Mr. Marsh to Mr. Seward.

No. 81.]

Sir: According to the custom of this court, the members of the diplomatic corps at Turin were separately received, in private audience, by the King of Italy on the last day of the year 1863. In my interview with his Majesty he inquired respecting the recent intelligence from America, but made no further observations beyond the expression of a hope that the present struggle, which was attended with consequences so injurious to the industry of Europe, might soon be brought to a close.

The two leading administration papers at Turin, the Opinione and the Stampa, which were formerly favorable to the interest of the Union, having lately deserted them and virtually espoused the confederate cause, and the Opinione being generally regarded as a semi-official organ of the government, I thought it proper to draw the attention of the ministry of foreign affairs to some offensive articles on this subject in the columns of the latter journal, and I expressed the hope that they were not to be regarded as authorized by the administration, or as expositions of the sentiments and opinions now entertained by it. I was assured, in reply, that the government was in no way responsible for the articles in question, and did not share the views of the writers.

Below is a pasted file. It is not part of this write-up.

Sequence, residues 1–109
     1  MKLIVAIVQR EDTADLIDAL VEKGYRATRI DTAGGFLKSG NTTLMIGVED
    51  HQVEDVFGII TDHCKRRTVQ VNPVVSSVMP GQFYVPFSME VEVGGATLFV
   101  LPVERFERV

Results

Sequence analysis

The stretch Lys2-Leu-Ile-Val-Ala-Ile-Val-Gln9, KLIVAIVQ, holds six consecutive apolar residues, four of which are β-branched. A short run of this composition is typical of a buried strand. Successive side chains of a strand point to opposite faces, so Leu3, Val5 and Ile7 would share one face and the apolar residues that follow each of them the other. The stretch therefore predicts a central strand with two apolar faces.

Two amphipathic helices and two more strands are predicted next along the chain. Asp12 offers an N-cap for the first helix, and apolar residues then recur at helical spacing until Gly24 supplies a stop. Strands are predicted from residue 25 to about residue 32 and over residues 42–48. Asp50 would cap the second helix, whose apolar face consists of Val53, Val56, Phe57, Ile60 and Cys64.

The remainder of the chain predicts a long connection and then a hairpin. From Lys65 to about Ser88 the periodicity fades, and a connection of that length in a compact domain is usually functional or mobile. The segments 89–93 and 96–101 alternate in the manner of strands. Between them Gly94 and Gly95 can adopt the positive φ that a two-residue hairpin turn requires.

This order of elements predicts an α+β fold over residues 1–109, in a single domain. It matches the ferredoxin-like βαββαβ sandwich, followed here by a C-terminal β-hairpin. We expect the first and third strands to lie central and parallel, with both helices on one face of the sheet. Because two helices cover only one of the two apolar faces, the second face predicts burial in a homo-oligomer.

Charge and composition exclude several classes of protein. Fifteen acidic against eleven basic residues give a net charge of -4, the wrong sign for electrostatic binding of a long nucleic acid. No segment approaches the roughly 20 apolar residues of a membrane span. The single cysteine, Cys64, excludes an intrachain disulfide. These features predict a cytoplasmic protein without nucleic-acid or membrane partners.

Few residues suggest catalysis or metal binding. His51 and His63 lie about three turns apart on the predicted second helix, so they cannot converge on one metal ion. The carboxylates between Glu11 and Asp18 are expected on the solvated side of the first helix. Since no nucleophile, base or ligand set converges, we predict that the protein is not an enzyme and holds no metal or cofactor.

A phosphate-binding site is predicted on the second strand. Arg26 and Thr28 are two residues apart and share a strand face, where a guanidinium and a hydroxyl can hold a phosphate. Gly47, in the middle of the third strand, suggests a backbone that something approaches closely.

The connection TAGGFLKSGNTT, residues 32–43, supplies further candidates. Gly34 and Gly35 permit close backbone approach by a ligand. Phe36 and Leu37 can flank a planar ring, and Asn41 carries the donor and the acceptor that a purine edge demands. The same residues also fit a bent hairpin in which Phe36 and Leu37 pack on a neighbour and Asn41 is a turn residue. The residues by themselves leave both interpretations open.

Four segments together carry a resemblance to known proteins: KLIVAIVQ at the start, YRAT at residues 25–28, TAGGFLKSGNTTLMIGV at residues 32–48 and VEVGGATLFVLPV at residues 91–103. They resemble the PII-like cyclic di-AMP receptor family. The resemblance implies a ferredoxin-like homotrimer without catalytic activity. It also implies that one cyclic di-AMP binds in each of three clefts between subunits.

I forward, through Mr. Miller, the Opinione of September 28 and of December 30, containing leading articles which will give you an idea of the spirit with which that able and influential, as well as otherwise calm, liberal, and canded journal, is animated towards us.

Although, as I have remarked in former despatches, the Federal cause is not, upon the whole, increasing the number of its. friends on the continent, we have still the good wishes of nearly all the friends of progress in Italy, and even so unimportant a circumstance as the recent publication of the correspondence between Jefferson Davis and the Pope has produced an impression quite favorable to us.

The letters are thought by many to show that between the great enemy of African liberty in America and the great enemy of all liberty in Europe a sympathy exists which is not shared by the people of the north, nor the government which represents it. The letters have been published in all the liberal papers in Italy, except those hostile to the Union cause, which, so far as I can learn, have not noticed the correspondence in their columns.

I have the honor to be, sir, very respectfully, your obedient servant,


Hon. William H. Seward, Secretary of State, Washington, D. C.